Myths are all fun and games when they’re harmless, such as how making a wish when you blow out your birthday candles increases the chance of it coming true; but when it gets derailing, unwarranted or being passed on as dubious facts from one innocent believer to another, that’s when you know that it has got to stop misleading the common good.
Having existed for so long in so many parts of the world where different histories and cultures are bound to influence whisky, it’s inevitable that whisky myths would spread and take a life of their own. Some are worth investigating, while others are just nonsensical.
If you’ve been duped by common whisky myths and would like to find out the truth, you’ve come to the right place, cause we’re here to set the record straight together.
1. Older will always taste better
Um, first of all, ageist much? Let’s start off with one of the most popular and arguably misguided myths in the whisky industry. While older whiskies are generally more expensive, people are somehow under the impression that they must therefore, be of superior quality.
We’re here to tell you that price and age are pretentious assumptions when it comes to evaluating the taste of whiskies. If anything, they’re merely a marketing tool.
Matter of fact, older whiskies have to be sold at a higher price simply because of logistics and production costs. As with all industries, there will be periods of time where sales plummet, and when that happens, whisky producers will find themselves with an inventory of unsold whiskies.
This means that the whiskies are taking up warehouse space longer, and hence, costing them more money to store as time draws on. Let’s not forget that older whiskies would have greater angel’s share, too (A small amount of whisky evaporates through the wood and escapes in the open during maturation. This phenomenon is adorably termed “angel’s share”).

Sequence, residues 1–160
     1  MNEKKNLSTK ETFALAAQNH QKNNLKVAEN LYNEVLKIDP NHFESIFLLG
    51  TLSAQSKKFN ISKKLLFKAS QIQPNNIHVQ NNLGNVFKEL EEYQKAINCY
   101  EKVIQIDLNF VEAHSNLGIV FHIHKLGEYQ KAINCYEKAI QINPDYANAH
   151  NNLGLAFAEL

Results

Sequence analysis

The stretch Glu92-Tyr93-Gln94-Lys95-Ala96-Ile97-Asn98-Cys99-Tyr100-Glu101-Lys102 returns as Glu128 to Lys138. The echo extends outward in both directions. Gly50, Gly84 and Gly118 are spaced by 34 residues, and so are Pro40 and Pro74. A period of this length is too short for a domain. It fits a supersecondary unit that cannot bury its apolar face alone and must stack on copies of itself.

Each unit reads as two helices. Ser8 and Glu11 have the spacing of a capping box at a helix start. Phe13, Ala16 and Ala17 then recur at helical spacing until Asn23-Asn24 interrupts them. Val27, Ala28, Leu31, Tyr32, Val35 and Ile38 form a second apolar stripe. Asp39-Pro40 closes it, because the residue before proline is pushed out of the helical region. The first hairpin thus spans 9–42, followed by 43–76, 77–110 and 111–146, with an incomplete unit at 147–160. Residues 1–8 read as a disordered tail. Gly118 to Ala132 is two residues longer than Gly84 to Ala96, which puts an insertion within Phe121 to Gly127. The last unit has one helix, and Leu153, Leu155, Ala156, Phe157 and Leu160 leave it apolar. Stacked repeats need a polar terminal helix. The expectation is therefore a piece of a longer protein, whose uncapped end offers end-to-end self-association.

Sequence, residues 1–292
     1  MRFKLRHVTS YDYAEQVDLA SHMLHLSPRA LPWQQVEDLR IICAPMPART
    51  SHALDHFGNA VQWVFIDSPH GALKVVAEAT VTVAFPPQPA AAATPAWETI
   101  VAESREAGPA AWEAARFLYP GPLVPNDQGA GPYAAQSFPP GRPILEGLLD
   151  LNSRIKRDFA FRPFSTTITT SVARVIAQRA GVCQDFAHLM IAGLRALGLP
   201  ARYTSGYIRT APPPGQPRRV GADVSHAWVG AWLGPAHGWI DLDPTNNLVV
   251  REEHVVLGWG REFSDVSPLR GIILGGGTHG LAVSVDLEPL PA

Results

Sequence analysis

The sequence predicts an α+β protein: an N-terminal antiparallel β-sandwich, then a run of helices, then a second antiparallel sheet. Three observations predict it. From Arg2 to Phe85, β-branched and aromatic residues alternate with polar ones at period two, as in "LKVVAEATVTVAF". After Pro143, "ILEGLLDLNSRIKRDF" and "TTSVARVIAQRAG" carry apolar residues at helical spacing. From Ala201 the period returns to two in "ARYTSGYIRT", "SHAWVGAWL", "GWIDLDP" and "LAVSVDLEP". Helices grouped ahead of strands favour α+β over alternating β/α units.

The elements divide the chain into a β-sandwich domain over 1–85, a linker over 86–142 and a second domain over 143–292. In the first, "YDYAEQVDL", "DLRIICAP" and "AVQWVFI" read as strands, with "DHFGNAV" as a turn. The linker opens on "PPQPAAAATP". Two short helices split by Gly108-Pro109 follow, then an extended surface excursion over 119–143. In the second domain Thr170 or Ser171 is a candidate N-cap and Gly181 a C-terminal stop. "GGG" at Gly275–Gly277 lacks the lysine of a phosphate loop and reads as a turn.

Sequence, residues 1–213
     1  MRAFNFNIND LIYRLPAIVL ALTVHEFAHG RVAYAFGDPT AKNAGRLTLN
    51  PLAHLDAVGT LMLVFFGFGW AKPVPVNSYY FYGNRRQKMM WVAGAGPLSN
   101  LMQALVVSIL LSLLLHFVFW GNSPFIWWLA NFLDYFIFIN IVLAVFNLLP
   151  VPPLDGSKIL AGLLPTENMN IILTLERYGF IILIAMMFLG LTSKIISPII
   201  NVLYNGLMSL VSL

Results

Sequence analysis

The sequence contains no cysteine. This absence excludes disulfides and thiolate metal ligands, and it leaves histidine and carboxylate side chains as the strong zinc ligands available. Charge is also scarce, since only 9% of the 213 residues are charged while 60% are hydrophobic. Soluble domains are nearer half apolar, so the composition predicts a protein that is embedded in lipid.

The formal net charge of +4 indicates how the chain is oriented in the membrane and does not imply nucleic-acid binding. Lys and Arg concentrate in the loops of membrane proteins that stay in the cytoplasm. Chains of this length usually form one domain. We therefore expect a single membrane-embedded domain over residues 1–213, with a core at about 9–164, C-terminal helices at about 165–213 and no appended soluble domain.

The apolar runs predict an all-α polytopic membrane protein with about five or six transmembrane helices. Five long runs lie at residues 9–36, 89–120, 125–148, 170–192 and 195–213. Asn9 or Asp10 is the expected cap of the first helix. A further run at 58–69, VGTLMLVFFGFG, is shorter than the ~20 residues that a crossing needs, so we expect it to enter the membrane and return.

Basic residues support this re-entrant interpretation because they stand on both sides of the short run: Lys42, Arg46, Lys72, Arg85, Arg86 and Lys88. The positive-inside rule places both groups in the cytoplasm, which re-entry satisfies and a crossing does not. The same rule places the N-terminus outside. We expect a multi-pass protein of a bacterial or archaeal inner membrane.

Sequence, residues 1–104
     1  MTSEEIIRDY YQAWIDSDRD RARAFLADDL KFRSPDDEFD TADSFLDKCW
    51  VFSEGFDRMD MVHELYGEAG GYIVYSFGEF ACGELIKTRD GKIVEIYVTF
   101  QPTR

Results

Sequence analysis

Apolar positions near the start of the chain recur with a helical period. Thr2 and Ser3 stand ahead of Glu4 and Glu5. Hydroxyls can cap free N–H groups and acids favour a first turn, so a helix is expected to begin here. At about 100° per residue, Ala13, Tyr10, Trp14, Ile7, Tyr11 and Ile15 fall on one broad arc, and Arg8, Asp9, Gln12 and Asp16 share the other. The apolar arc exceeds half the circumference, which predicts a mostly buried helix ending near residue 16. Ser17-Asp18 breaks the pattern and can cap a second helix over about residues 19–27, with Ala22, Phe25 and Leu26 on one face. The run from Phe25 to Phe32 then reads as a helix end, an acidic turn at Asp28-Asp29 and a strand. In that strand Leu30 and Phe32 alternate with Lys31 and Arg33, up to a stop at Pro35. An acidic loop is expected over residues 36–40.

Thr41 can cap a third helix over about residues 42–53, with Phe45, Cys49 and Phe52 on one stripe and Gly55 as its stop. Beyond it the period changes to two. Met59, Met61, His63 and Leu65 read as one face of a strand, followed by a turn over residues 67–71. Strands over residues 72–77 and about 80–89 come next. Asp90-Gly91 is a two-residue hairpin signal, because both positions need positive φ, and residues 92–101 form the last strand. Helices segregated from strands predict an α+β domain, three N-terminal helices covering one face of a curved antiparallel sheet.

It makes sense then, for them to propagate the belief that older whisky is better and to convince consumers that they’re savouring the finest spirit, so that they’ll splurge on it.
Now, we’re not saying you should swear off older whiskies. The main takeaway here is that taste is extremely subjective and superficial factors shouldn’t cloud your judgment. If someone enjoys a younger whisky more than an older bottle, there is absolutely no need for snobbish remarks.
2. Single Malts are better than blended whiskies
Seriously, where is all this superiority coming from? Okay but to be fair, whisky labels and terminologies can be confusing as heck. Even if you get your terms right and study it down to the core, it can still be interpreted differently in different countries as the regulations tend to vary. We’re guessing this is probably how blended whiskies got their negative rep.
Just in case anyone needs a refresher, Single Malts don’t actually imply that the spirit is produced from a single barrel or a single batch. Rather, it denotes that the whisky is made up of a single malted grain and materialises from a single distillery. Meanwhile, blended whisky, as its name suggests, is a blend of malts and grains from different distilleries.
As you can see for yourself, the definitions are pretty technical and nowhere does anyone mention that one is of higher quality than the other.
Besides, blended whisky was created because the flavour and taste of a Single Malt scotch can be unpalatable to some. Whisky after all, is an extremely strong liquor that may take some time getting accustomed to. Blending made the spirit easier on the palate, thus appealing to a wider population of drinkers; so much so that blended whisky actually comes out on top in whisky sales around the world.
3. You can tell a whisky’s age and quality by its colour
Contrary to popular belief, a whisky’s age and quality cannot be determined by its shade. This is not to say that this claim is completely baseless because while it doesn’t apply to most types of whiskies, it does, however, ring true for bourbons as those tend to get darker with age.